The election of Cardinal Joseph Ratzinger to the papacy as Benedict XVI fills me with deep concern as a gay man and as a Roman Catholic priest.
I also bear witness to the wonderful legacy of Pope John Paul the Great. Undoubtedly the man did a power of good in ways that have been recognized and celebrated worldwide. There is nonetheless another side, which I would much prefer to forget. I cannot.
In fact, I believe that if I don’t speak “the very stones themselves will cry out.” The fact remains that Pope John Paul II did lesbian, gay, transgendered and bisexual (LGTB) peoples untold harm. His writings and his teachings promulgated and proclaimed by Ratzinger as head of the Congregation for the Doctrine of the Faith saw us and our struggle not only worthy of condemnation, but as some kind of sinister plot to undermine the very foundations of civilization. If the truth were told, the present pope, Benedict XVI, and his predecessor in their continuous and consistent rejection of our struggle for equality, tried to rob us of our very souls.
I bore first-hand witness to this in my 24 years of priestly ministry to gay men suffering and dying from HIV/AIDS. Again and again during the ‘80s and ‘90s at the very height of the pandemic first in New York and later in London, it was my pain and privilege to hold the hand of young Catholic gay men in their 20s and 30s and try to reassure them that they were not condemned to eternal damnation because of what their church taught about their orientation and their loving sexual behavior—men too young to have imagined their futures never mind their deaths. These were the young people that we hear “the pope loved” on the edge of despair as they went to meet their God, because of what the holy father through the Congregation for the Doctrine of the Faith taught in the name of Christ.
There is no God worth believing in to my mind that would so brutally condemn whole multitudes of utterly vulnerable people to such ignominious agony of mind and spirit as they draw their last breath. Most tragically of all, as a Catholic priest, was that at least three of the people I assisted were fellow priests, two of whom, like myself, were Irish-born. Gay men tortured and tormented as they went to meet their maker by the very church to whom they had given their lives. Their families and religious communities did not want to know what was happening. This too is the legacy of Pope John Paul and his successor Benedict.
How one may well ask can any self-respecting gay man or woman stay within such an oppressive and, in many ways for us, dehumanizing institution? Many hundreds of thousands of others have understandably walked away. Every single day I think of doing the same. Yet here I am an openly gay Catholic priest and still I believe and hope and love from within its ranks.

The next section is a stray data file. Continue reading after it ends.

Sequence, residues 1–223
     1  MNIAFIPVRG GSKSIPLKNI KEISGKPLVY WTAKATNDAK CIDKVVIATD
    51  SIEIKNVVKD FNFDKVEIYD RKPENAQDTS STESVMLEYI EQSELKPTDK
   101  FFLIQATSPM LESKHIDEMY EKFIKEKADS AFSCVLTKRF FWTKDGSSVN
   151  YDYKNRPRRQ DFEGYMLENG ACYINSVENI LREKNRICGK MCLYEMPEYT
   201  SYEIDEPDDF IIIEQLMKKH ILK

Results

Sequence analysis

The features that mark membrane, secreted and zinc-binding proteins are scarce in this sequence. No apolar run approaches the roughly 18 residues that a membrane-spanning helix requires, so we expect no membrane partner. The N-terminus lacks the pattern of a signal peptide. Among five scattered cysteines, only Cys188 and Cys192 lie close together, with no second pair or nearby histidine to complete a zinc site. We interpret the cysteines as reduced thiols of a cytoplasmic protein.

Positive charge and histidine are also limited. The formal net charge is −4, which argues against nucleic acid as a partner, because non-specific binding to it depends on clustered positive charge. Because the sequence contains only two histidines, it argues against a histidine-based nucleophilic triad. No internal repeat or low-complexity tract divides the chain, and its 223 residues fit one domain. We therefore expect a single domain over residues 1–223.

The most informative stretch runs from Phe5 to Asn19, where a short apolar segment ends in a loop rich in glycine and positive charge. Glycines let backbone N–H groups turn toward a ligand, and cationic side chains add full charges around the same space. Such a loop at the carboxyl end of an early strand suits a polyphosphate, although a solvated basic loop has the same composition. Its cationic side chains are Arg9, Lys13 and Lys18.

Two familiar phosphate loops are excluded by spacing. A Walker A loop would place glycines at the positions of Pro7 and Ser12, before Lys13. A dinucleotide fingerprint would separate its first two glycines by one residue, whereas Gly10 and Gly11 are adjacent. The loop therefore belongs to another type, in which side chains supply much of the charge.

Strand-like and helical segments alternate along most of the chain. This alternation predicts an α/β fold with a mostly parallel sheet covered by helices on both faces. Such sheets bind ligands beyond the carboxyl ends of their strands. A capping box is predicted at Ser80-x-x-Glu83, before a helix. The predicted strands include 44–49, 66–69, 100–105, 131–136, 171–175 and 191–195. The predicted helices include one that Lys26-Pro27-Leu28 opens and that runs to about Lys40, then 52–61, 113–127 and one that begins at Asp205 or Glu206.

I do not seek to justify my position either to those on the outside looking in, or to those inside who would gladly give me a one-way ticket out. There is, I believe, no way I can or desire to justify my position to the institutional church that bears toward me and my kind such deep disrespect. To even begin to do so would, as I see it, stoop to a level of argument that I would have lost even before I had begun.
Within the limitations of my knowledge I understand the church’s reasons for counting me out—scripture, tradition, natural law and all the rest. But I am not interested, no matter how plausible their syllogisms or coherent their rhetoric and logic. It is not good enough. It is not good enough for any religion that claims to represent the God of the universe to exclude ten per cent of the peoples of the world from co-equality in humanity and in love in the name of that God no matter who his representative is in this time we call life.
If God is love and I absolutely believe He/She is, then we as LGTB peoples are co-equally made in the divine image and have not only the right but the responsibility to live in that love personally, sexually and spiritually as witness to the fact that love—not power—has the last word. Pope John Paul II was a good and holy human man, but for me and with me he too was a sinner. It was his sin that blinded him to us as gay people. I pray his successor Cardinal Ratzinger as Benedict XVI may have a little more sight. If not, I shall still go on believing, hoping and loving until John Paul, Benedict and I embrace one another as co-equals in God, the eternal lover of all.
Father Bernard J. Lynch continues the London AIDS ministry he began 24 years ago in New York City.